Cat Cantrill also offers advice through Dear Matchmaker, ranked in the top 10 percent of podcasts on Spotify globally with thousands of downloads.
But finding the right match for long-term relationships is best done from a position of strength. To increase success in finding the right soul mate, she teaches singles to create romance in their own lives, first.
“The happier you are in your life, the happier the types of people you’re going to attract,” Cantrill said. “I help people (be) people again.”
Getting out of online dating that has become so prevalent for singles today and helping people develop their own interests, hobbies and joys is a great first step to do that, Cantrill says. For divorcees who married young and devoted their focus to raising a family, it’s a vital step, she adds.
It’s something Cantrill, now 48, realized she was missing when she started dating again after her divorce. Before finding Brian, rekindling her passion with dance helped her emanate the energy she needed to find the right match for love.
“I don’t want to just be part of someone else’s life. I deserve to have my own,” the entrepreneur said. “Sometimes what we’re seeking in a partnership is what we’re lacking in ourselves.”
What makes a good matchmaker?
Being in the business of people means you have to love people in every sense of the word, Cantrill said. That means creating a safe space where clients feel comfortable opening up, learn how to be vulnerable and find the courage to put themselves out there again. It also means listening without a bias and putting aside life experiences to truly listen.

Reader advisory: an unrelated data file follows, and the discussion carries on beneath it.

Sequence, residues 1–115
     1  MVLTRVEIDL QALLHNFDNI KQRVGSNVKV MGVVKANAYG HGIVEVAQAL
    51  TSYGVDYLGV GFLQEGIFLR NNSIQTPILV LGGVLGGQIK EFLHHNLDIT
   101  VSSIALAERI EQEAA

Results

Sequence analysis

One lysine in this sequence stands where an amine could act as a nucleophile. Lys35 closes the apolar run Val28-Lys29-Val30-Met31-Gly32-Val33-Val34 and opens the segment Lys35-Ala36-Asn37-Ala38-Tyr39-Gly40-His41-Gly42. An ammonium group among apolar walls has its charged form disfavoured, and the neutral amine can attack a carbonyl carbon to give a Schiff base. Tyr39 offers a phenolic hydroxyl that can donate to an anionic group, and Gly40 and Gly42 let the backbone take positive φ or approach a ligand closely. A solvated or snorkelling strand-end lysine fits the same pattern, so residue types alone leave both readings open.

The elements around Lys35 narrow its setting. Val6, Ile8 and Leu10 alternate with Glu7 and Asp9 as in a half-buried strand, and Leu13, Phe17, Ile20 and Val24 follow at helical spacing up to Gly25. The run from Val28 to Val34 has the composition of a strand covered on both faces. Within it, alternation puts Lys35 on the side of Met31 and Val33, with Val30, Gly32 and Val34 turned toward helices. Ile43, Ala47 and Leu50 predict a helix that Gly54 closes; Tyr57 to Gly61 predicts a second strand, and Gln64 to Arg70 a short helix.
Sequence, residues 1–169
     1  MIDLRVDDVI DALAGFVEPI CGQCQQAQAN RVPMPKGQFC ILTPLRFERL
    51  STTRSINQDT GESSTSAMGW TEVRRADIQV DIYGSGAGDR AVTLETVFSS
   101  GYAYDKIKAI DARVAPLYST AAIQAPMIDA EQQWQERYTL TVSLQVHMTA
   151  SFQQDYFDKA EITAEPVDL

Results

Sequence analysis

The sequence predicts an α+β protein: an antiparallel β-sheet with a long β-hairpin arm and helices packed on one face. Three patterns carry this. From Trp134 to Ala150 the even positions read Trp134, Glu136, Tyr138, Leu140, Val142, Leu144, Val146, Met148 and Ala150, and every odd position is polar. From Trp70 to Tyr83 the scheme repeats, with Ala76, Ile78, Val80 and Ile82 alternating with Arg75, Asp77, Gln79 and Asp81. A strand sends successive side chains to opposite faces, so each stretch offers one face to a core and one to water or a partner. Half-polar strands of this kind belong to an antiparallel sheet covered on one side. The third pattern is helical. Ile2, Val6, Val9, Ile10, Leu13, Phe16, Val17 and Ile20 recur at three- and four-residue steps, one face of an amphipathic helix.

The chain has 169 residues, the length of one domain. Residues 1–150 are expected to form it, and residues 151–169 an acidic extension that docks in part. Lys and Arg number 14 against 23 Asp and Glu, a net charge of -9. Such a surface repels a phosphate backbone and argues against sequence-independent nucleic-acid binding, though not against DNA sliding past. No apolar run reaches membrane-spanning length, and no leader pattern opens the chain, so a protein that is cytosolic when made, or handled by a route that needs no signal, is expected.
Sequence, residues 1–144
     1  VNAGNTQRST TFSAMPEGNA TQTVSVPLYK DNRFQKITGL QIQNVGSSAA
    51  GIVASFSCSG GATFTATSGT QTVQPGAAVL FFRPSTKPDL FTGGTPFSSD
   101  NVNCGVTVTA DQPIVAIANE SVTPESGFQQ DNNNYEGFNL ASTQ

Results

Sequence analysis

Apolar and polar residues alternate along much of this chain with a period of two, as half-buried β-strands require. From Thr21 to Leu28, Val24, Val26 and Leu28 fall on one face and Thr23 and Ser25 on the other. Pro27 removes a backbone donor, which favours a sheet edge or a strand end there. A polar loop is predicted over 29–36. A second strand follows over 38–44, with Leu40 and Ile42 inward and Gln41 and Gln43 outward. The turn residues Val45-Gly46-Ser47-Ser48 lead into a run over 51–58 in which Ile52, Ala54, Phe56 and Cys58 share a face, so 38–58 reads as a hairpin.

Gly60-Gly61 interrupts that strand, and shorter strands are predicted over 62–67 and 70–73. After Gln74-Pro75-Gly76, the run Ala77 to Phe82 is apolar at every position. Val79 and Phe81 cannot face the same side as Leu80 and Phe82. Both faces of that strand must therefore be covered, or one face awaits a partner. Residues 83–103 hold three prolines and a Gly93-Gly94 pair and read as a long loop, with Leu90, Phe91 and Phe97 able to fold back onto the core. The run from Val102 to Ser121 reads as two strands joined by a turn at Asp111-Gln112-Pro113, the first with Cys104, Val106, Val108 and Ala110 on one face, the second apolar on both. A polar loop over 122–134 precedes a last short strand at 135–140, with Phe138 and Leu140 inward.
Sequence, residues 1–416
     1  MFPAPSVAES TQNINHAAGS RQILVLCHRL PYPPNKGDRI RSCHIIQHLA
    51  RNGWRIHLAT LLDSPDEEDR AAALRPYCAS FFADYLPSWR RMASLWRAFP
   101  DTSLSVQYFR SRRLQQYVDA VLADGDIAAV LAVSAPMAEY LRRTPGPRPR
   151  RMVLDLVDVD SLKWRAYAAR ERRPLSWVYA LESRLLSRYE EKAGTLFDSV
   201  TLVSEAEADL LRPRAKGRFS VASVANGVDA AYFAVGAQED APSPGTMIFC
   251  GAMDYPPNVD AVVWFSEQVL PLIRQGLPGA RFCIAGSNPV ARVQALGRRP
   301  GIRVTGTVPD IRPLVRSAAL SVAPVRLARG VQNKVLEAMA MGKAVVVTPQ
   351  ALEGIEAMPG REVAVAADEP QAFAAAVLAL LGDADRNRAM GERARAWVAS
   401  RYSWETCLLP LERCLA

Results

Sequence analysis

Cantrill is certified through the Global Love Institute and is a member of the Matchmakers Alliance. But most of her training for the job came through her dance studio, where friends pushed her to realize how many long-term relationships and marriages she was responsible for helping.
“I was a matchmaker in that studio,” she said. “I created a space for people to come together, to have relationships with each other.”
The role of dating apps
Online apps for dating have become a billion dollar industry and a dominant force that has shifted the paradigm for singles. The paradox of choice has created so many options that singles often feel paralyzed. Those who find matches online often struggle with fear of missing out by “settling” for the wrong person.
Combined with a lack of vetting or background checks, it’s been the cause of a lot of frustration that simultaneously addicts users with strategic bursts of dopamine. Many apps, after all, are designed to keep people using them.
“It’s made people be really disgusted with people,” Cantrill said. “It’s given people permission to hide behind a screen, creating distrust and making people not want to connect.”
But online dating sites can remain an important tool in matchmaking if they’re used carefully. Rethinking the “types” of people one is drawn to and why is a big part of using the apps correctly, according to Cantrill.
Sometimes, successful dating means giving a second look to the profiles you might never think to “swipe right” on.
“If you find yourself in a cycle of poor dates, it’s not that there’s all these bad people,” Cantrill said. “It’s just you’ve trained the algorithm to deliver these types of people to you.”
Why hire a matchmaker?
Cantrill said people are intrigued when they find out she is a matchmaker. But her new career also faces a stigma as outdated and unnecessary. Clients can also be seen as desperate. But Cantrill likens The Heart Agency’s work to other professional resources commonly used in other areas of our lives.
“We hire Realtors to find the right house, financial advisers to manage finances,” she said. “But when it comes to love, you’re just supposed to know how to find a great match for you?”